Menzies Government and Triple Alliance (1950)

Menzies1951Ministry

The Menzies government saw Australia as part of a “triple coalition” with the United States and Britain in the early 1950s. Initially, the Australian leadership opted for a firmly pro-British line in diplomacy while still searching for ways to include the United States in Southeast Asia. 

Apart from the Korean War, the government also participated in the Malayan Emergency and hosted British nuclear tests after 1952. During the Suez Crisis, Australia was the only Commonwealth nation to assist the British

Harold Holt and the Menzies Replacement (1966)

Harold_Holt_Swearing_In

Harold Holt replaced Menzies as a liberal leader and prime minister after his retirement in January 1966. The Australian Holt government and its contribution to the growing Vietnam War were significant and oversaw the conversation to the decimal currency. 

The government also witnessed the removal of British influence from Asia. It helped by visiting and hosting several Asian leaders and extending a relationship with the United States, including hosting the first visit to Australia from the American president Lyndon B. Johnson. 

Holt’s government also passed the Migration Act 1966, essentially dismantling white Australia’s policies allowing non-European migrants, including refugees escaping from the Vietnam War, greater access.

Holt Wins the Election and Death (1967)

Harold_Holt_and_Lyndon_Johnson

Holt won the election of 1967 with the highest parliamentary majority in 65 years. Later on, he passed away, drowning in water in December 1967, and John Gorton took his place. The Gorton government began to extend support to Vietnam. It offered arts support, equalized wages for men and women, and moved Australian trade closer to Asia.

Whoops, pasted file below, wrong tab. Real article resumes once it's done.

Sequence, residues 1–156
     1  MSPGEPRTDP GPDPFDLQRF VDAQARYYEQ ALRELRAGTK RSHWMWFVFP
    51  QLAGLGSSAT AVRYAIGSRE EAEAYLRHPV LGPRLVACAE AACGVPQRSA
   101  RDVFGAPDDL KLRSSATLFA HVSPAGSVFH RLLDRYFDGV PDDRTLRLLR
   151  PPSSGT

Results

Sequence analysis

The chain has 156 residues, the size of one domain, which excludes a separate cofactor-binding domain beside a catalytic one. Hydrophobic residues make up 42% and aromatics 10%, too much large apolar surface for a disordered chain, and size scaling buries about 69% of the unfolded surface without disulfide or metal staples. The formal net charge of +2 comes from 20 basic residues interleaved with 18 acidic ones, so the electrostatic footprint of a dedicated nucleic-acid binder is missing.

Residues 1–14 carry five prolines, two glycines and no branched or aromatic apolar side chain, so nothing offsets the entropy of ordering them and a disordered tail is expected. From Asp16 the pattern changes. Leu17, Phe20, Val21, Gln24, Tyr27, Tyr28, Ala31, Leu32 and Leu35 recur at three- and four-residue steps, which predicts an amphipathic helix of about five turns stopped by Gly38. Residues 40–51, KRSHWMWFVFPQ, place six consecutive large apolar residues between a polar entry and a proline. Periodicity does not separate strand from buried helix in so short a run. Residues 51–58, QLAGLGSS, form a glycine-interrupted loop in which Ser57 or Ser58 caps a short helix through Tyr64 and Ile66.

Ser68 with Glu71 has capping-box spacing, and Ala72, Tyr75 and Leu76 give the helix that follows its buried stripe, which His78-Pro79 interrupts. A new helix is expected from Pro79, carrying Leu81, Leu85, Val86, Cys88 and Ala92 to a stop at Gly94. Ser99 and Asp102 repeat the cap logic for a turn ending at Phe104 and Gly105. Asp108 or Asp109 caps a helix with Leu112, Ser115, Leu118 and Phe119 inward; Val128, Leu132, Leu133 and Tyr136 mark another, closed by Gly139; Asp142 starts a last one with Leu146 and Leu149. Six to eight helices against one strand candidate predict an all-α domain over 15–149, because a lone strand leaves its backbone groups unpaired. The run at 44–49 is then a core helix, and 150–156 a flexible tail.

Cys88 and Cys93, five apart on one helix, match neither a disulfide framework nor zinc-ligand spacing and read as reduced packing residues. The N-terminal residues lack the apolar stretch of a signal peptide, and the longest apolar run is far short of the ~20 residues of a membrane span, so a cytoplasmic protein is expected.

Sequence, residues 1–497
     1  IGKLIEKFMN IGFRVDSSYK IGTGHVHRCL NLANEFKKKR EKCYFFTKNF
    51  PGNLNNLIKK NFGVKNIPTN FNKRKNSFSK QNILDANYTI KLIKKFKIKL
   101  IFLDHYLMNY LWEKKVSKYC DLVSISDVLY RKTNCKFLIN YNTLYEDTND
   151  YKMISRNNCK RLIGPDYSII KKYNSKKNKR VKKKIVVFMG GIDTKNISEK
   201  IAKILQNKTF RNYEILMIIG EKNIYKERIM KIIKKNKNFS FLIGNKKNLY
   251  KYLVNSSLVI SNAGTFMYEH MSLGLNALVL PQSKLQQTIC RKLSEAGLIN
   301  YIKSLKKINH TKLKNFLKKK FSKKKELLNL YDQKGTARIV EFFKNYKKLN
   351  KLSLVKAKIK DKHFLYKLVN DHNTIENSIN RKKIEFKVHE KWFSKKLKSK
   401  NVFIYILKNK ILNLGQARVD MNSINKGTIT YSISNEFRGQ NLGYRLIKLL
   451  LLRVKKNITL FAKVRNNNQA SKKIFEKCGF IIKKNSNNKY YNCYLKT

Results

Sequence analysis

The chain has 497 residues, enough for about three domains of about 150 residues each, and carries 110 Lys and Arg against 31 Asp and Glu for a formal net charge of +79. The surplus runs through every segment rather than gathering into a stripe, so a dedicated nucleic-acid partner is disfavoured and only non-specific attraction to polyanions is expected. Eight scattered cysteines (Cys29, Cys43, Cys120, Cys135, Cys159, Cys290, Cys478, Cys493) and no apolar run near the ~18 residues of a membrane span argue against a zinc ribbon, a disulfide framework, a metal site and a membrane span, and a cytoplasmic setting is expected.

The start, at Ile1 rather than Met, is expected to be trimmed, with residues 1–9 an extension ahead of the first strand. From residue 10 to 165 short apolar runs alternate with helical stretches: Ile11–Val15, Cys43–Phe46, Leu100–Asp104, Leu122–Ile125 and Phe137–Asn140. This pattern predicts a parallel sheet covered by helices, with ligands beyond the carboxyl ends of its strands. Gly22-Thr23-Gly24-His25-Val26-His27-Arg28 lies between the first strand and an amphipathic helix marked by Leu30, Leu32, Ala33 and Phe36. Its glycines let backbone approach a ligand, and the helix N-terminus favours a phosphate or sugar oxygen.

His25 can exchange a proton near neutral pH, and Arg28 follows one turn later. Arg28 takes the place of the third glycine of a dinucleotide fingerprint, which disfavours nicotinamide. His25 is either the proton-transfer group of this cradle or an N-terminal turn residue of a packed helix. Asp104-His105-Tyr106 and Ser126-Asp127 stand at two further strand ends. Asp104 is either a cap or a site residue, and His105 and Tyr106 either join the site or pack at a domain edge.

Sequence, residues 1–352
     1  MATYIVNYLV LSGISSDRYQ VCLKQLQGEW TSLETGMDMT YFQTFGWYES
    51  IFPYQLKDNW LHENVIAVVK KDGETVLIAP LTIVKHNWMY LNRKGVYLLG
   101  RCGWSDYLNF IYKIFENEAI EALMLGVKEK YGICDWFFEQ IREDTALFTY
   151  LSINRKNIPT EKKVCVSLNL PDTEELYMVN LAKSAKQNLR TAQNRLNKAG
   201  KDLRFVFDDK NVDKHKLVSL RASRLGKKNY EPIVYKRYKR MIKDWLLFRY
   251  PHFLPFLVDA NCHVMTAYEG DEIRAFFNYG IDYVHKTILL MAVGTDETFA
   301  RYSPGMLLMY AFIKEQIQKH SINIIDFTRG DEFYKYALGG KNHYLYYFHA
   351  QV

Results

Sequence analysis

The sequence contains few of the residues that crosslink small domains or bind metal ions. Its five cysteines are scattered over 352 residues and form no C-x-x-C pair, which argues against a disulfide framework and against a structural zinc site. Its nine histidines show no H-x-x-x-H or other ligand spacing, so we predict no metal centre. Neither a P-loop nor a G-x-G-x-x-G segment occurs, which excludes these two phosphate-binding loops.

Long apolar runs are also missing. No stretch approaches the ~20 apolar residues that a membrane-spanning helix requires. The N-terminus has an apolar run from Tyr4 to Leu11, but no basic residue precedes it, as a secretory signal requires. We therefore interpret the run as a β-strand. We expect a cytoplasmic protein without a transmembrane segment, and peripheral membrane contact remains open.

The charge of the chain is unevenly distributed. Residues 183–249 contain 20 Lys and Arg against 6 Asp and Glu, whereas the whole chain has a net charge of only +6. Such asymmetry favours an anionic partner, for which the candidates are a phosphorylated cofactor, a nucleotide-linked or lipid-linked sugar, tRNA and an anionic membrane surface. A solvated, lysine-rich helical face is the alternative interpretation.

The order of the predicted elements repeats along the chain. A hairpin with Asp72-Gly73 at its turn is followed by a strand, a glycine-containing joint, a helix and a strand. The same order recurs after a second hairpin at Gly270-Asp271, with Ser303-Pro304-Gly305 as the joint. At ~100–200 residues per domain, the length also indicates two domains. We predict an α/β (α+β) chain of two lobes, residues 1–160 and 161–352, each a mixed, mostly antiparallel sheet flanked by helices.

Opening of Sydney Opera House (1973)

The Sydney Opera House was inaugurated for the first time for the visitors in 1973. The land on which it stands is known as Bennelong Point, which was once home to Fort Macquarie. It was built in 1817 and knocked down in 1901. The construction of the Sydney Opera House started in 1959 on the same site. 

The designer of the Opera Sydney House was a Danish architect named Jørn Utzon. Since the government was not covering his invoices, Utzon stopped working on the project in February 1966. The building officially opened its doors on October 20, 1973. 

The project took ten years to complete, and it ended up costing more than fourteen times its original budget. In 2001, Utzon was asked to return to the property and rebuild it to his original designs.

Independence From Britain (1986)

The Australia Act of 1986 ended the British Parliament’s ability to legislate in Australia as a part of the Commonwealth law, on a state or territory. 

In comparison, the future law of the state would have the authority to repeal or amend an existing law of the Monarch applied to the state. State’s laws would no longer need approval from the Monarch and its reservation – a power that still exists for the Commonwealth Legislations.

The Summer Olympics (2000)

The Summer Olympics 2000, commonly known as Sydney 2000, was an international multipurpose event hosted in Sydney. It began on September 15 and lasted till October 1, 2000. It was the second time that Summer Olympics took place in Sydney and the Northern Hemisphere. 

The first one was held in Melbourne, Victoria, in 1956. In 1993, Sydney was chosen as a host city for the Olympic Games in 2000. Teams from 199 different countries took part. According to an estimate, the cost of the games was 6.6 billion AUD. 

The games were universally praised, with foreign press appreciating the organization, volunteers, sportsmanship, and the Australian public. Bill Bryson from The Times called the Sydney Games “one of the most successful events on the world stage, saying “they couldn’t be better.”

Australia – A British Historical Colony 

Australia has a long and rich history. First, it became a colony of the British Empire with various settlements all over the control of the Monarch. Later, it became fully independent, demanding its right to self-governance. 

Ever since its independence, Australia has been developing rapidly and making a name for itself as one of the most desired and exciting places to live. The country holds many wild animals and opportunities for foreigners. Therefore, it would make an excellent country to visit and move to.